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    Re: Clipping

    Quote Originally Posted by Dave Humphries View Post
    I'm not that familiar with Canon EXIF, perhaps Colin might spot something here:

    http://regex.info/exif.cgi?b=3&refer...2FIMG_2849.jpg
    I'm on page 17 now Dave - should be finished it by the end of next week!

    Looks to me like you were Spot metering on AE Auto.
    Normally I'd expect the auto modes to use evaluative metering.

    EXIF looked OK to me, but to me, the image almost looks like the camera is struggling with the dynamic range of the scene - and that just doesn't add up. I noticed that you shot the image RAW, and I'm just wondering if it's been damaged somehow during processing.

    Any chance you can send me the RAW file so that I can take a closer look at it? (Easiest way is to pop along to www.sendthisfile.com - create a free account - upload the file to your own eMail address - and then copy/paste the link they send you to me in a PM (Private Message).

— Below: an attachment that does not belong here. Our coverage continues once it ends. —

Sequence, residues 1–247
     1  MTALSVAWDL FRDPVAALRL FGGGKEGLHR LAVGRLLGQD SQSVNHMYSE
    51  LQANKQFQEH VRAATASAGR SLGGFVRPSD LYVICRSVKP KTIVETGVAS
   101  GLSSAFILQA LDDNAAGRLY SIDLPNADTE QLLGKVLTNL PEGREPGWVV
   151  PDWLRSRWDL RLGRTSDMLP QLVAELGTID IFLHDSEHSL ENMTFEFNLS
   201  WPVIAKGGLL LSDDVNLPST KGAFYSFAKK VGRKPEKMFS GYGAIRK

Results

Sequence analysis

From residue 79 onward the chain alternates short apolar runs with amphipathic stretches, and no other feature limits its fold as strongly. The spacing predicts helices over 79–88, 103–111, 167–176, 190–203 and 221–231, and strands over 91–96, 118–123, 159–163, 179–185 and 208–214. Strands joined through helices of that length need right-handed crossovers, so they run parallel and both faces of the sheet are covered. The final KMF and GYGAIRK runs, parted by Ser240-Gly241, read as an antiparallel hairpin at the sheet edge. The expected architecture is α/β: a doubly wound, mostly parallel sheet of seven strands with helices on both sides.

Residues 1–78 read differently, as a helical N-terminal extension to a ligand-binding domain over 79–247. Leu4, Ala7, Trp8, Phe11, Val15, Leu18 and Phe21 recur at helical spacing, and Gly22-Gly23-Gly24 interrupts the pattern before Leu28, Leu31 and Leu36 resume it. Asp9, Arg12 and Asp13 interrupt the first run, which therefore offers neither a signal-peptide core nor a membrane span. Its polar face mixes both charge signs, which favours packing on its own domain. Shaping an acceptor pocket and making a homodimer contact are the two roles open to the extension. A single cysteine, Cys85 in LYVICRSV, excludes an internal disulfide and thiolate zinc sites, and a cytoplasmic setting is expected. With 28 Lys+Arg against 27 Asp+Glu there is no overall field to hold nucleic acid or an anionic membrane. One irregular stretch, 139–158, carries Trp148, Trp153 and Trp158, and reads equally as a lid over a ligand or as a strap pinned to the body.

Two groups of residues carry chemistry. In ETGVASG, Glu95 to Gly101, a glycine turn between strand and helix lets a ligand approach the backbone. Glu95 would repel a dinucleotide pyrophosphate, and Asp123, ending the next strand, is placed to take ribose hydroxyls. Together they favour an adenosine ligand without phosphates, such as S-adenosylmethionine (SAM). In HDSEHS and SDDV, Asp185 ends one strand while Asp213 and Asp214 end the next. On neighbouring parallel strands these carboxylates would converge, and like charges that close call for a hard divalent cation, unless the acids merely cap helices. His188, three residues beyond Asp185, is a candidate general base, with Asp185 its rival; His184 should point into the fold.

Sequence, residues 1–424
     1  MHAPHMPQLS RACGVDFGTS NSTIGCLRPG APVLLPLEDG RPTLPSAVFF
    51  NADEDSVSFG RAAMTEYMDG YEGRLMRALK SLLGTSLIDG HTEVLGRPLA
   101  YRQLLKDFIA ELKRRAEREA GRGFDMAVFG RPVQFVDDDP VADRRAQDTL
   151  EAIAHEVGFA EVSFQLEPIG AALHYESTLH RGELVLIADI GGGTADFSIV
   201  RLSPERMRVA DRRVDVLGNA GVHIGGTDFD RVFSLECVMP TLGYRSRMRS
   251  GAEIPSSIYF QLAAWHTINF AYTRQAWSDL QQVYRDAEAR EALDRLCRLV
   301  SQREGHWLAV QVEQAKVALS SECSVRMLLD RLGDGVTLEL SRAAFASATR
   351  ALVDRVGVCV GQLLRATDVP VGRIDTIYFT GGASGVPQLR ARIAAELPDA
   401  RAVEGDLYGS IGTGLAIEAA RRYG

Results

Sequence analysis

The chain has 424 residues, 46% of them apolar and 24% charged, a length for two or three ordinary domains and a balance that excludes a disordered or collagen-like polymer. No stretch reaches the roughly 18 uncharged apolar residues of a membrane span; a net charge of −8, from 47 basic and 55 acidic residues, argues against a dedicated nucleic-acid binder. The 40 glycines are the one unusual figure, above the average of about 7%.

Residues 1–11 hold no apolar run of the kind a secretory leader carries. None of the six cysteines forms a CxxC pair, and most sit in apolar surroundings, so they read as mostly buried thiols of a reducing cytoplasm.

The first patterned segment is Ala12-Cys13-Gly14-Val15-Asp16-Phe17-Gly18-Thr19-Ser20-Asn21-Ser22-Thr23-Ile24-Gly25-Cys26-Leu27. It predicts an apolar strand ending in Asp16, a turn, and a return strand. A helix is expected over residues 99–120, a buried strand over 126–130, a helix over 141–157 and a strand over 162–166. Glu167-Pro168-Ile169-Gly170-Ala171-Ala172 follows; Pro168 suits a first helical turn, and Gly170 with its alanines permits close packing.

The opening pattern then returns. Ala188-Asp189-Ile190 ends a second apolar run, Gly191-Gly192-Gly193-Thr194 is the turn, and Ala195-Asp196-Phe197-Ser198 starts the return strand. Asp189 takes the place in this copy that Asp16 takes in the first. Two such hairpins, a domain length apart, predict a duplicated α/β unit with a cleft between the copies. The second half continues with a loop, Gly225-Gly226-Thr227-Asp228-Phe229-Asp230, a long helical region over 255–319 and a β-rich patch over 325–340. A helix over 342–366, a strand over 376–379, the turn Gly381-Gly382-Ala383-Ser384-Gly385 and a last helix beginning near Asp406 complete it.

10. #10

    Re: Clipping

    EXIF looks OK to me too. Unless there is a fault with the camera (as it's new) I would say it has had something done to it in processing (DPP in the EXIF). We need to see the original RAW as Colin suggested.

  11. #11
    Moderator Dave Humphries's Avatar
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    Re: Clipping

    Hi Boutte,

    What are you using to convert RAW to jpg?
    Certainly using ACR, with a shot like this I would push the slider called Recovery up to maximum and that would make it look a lot better I suspect. If DPP doesn't have one of those sliders, is there an Exposure slider you could pull down?

    To expand a little on what I wrote when I should have been in bed and I wasn't thinking clearly.
    Quote Originally Posted by Dave Humphries